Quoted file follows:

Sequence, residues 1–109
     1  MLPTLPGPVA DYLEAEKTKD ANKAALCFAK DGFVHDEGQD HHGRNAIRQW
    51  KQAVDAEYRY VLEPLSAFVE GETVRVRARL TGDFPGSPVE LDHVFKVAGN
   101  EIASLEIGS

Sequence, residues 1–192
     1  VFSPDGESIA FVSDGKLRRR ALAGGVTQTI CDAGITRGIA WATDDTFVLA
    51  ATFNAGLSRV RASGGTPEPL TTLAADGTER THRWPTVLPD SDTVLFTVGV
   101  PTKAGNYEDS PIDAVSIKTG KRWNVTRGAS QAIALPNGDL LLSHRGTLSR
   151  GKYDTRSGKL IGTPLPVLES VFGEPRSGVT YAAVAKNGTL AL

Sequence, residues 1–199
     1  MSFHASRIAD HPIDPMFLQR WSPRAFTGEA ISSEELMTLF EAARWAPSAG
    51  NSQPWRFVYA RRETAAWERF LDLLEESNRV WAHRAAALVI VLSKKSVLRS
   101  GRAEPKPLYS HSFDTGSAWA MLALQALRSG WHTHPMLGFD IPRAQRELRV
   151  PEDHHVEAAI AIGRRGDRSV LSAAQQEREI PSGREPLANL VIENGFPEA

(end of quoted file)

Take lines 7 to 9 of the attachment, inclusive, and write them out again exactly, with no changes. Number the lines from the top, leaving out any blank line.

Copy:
    51  ATFNAGLSRV RASGGTPEPL TTLAADGTER THRWPTVLPD SDTVLFTVGV
   101  PTKAGNYEDS PIDAVSIKTG KRWNVTRGAS QAIALPNGDL LLSHRGTLSR
   151  GKYDTRSGKL IGTPLPVLES VFGEPRSGVT YAAVAKNGTL AL